Subjective fields as structural principle

10. So far, we have seen that Jung explicitly assumes, as a basic premise shared in his tradition, that psychology must cover both consciousness and the unconscious; he also presupposes that a psychological individual (defined as a “whole”) must have a structural principle which “holds it together” and “expresses the whole”; he again assumes, this time with the broader tradition of modern philosophy up to his day, that consciousness does have such a center in its subject (the “I”), but he argues that this cannot also be the center of the “whole”, the entire individual.

At this point in his line of thought (remember, we are still reconstructing the argument of the individuation essay (GW IX/I, §§ 489-524), it is quite plausible to consider the idea that the unconscious, similar to consciousness, has a center comparable to the “I”.

A little earlier, I have mentioned only in passing that short digression in § 492, where Jung briefly brushes on this idea. There, it is neither helpful nor informative, and the text quickly returns to its original line. (It would better have been edited out.) But later, in § 506, the idea can be properly considered, and now Jung has a conceptual argument to make:

wenn wir ein Bewußtsein im Unbewußten annehmen, sehen wir uns sogleich vor die Tatsache gestellt, daß kein Bewußtsein existieren kann ohne ein Subjekt, das heißt ein Ich, mit dem die Inhalte in Zusammenhang stehen. Bewußtsein braucht ein Zentrum, das heißt ein Ich, dem etwas bewußt ist. Wir wissen von keiner anderen Art von Bewußtsein und können uns auch kein Bewußtsein ohne Ich vorstellen. Es kann kein Bewußtsein geben, wo niemand sagt: “Ich bin mir bewußt.” (GW IX/I, § 506)

It take it that for Jung, this is more than a factual claim about our state of knowledge (“we just don’t know at the moment”) — it’s a conceptual claim: that the idea of a center is built into the very notion of consciousness, in a way that makes it inconceivable without such a center. And this is consistent with what we have seen earlier: that for Jung, the formal relation to the center (the “I”) is the defining characteristic of an occurrent psychological phenomenon’s being conscious.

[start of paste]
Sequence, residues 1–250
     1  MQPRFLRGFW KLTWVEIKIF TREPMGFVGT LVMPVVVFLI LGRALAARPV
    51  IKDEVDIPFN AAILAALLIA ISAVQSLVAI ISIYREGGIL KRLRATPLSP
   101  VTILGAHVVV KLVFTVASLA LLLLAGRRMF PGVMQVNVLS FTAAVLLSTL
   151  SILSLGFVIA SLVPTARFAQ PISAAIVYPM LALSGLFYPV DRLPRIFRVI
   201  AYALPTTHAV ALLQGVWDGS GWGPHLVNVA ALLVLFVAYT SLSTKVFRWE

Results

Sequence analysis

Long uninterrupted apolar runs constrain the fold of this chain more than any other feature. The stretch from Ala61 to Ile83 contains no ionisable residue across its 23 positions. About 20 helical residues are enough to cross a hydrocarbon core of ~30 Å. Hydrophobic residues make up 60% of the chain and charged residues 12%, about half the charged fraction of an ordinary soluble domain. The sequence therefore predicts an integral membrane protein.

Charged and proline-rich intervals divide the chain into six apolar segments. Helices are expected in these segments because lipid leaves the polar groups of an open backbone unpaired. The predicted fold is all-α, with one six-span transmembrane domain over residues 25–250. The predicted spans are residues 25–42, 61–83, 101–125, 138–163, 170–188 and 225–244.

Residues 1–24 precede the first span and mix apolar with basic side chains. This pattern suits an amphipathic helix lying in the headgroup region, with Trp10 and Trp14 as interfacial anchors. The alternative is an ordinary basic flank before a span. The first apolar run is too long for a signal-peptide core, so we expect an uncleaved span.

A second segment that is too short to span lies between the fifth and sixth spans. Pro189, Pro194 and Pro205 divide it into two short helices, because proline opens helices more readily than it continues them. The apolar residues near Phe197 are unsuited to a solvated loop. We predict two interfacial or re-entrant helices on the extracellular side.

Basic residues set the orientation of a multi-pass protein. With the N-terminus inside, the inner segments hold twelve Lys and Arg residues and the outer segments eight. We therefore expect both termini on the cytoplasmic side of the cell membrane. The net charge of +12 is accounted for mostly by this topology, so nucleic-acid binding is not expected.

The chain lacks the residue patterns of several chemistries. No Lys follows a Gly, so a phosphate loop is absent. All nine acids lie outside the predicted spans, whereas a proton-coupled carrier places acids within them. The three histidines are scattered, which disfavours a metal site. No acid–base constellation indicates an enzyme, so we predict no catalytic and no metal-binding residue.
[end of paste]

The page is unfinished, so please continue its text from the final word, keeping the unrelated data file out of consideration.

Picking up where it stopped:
From this it follows, first, that there cannot be a sort of super-consciousness within unconscious episodes, even when these appear to have meaning and direction — for then these episodes would no longer be unconscious. For the same reason, secondly, such a super-consciousness could not be assigned to the whole either. Thus the center of the whole (the psychological individual) not only cannot be (identical with) the “I” of consciousness, but it cannot even be like (structured similarly to) the “I” of consciousness (merely transposed to the whole). It is not, to put it differently, a subjective field.

Yet what alternatives are there?

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By Leif Frenzel

Leif Frenzel is a writer and independent researcher. He has a background in philosophy, literature, music, and information technology. His recent interest is Jungian psychology, especially synchronicities and the relationship between consciousness and the unconscious.

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